{
get { return _names; }
}

// Another way would be to allow the main form to call
// a method that copies the values over:
public void CopyNames(Dictionary<string, string> namesDst)
{
namesDst.Clear();

foreach (KeyValuePair<string, string> kvp in _names)
{
namesDst.Add(kvp.key, kvp.Value);
}
}
}

Note that because you're showing the form modelessly (i.e. with Show()),
you _must_ save the data from the form's controls before the form
closes. However, if this were a modal form (i.e. shown with
ShowDialog()), a couple of things change:

-- You can configure the button to automatically close the form,
and override OnFormClosed() instead of having to have a button Click
event handler that calls Close(), and

-- There's no need to create and save an intermediate copy of the
dictionary, because you can simply extract the data from the control at
the time the main form attempts to retrieve the data (a form shown with
ShowDialog() is not disposed when it's closed...in fact, it's never
really "closed" at all, but instead is hidden; and yes, this means you
always have to dispose a modal form explicitly).

Because of the second point above, the method-oriented technique is
probably preferable to the property-oriented technique, because it gives
you the opportunity to operate directly on the caller's own dictionary,
without having to create a new one. But, even the property-oriented one
can be nicer with a modal dialog, if for no other reason than that you
don't have to explicitly handle the closing of the form, and can just
create the dictionary on-demand.

In any case, with either the property-oriented or method-oriented
technique, the main form would simply retrieve the property value or
call the method at the appropriate time, when the secondary form has
been closed or otherwise signals to the main form it's time to update
itself (none of which should require the secondary form to know anything
about the main form...if not with the main form simply handling the
FormClosed event in the secondary form, then with some other event
declared in the secondary form that the main form handles).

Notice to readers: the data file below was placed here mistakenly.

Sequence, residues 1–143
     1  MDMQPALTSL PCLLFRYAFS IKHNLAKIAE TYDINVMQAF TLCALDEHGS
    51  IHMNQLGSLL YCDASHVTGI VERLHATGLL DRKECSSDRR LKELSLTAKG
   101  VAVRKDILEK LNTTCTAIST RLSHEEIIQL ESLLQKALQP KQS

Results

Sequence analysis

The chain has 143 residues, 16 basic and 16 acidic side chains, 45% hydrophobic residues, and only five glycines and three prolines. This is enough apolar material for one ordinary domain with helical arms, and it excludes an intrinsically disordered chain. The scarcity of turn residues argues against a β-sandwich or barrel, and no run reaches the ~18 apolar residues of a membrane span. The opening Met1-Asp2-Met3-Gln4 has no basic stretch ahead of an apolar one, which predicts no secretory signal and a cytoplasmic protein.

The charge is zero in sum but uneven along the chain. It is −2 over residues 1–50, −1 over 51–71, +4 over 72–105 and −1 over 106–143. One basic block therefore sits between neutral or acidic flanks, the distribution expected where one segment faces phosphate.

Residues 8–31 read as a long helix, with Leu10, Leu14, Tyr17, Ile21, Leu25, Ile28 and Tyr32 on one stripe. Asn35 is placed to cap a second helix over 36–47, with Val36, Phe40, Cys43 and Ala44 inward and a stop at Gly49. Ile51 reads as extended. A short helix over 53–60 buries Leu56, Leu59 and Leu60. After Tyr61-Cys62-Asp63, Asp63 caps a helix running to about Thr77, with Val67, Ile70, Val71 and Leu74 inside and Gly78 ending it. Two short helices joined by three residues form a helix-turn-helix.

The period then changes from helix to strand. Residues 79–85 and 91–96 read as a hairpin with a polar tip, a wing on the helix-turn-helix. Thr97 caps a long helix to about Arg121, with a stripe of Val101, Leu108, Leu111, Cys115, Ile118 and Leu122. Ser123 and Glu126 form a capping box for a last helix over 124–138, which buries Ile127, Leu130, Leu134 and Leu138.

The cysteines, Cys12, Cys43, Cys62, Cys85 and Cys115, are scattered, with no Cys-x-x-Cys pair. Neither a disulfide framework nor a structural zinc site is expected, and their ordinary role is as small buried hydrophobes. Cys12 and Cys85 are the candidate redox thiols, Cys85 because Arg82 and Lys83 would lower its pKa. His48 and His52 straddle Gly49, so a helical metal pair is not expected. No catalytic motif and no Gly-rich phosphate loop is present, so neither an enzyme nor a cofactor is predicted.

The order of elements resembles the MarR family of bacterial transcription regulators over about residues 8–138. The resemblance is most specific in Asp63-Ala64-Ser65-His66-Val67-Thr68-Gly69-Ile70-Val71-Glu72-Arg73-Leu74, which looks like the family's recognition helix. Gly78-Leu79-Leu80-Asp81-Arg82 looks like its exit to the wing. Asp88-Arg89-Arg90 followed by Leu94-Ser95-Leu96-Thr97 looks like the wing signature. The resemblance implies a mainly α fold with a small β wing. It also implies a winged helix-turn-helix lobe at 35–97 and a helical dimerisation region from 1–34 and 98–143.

Hope that helps.

Pete
 
M

Michael C

Helmut Giese said:
- In C++ I would pass a pointer to the respective dictionary and the
callee could just update it - no need to know anything about the
caller.

And C# is no different. You can pass a dictionary object from one form to
the other and keep a pointer to it. It's basically the same thing we just
don't call them pointers any more.

Michael
 
H

Helmut Giese

Hi Pete,
sorry for the delay - last week's little catastrophe continues to
haunt me.
I cannot look in detail at your answer now (not at this time of the
day) but I just wanted to say that you're really an extraordinary
helpful person. What would we do without you? :)

Many, many thanks for your time and advice and best regards
Helmut Giese
[snip a lot of helpful explanations and examples]
 
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P

Peter Duniho

Helmut said:
Hi Pete,
sorry for the delay - last week's little catastrophe continues to
haunt me.
I cannot look in detail at your answer now (not at this time of the
day) but I just wanted to say that you're really an extraordinary
helpful person. What would we do without you? :)

Probably, you'd just get advice from the other helpful people who use
this newsgroup. :)

But thanks very much for the kinds words. I do try my best to be helpful.
Many, many thanks for your time and advice and best regards

You're very welcome.

Pete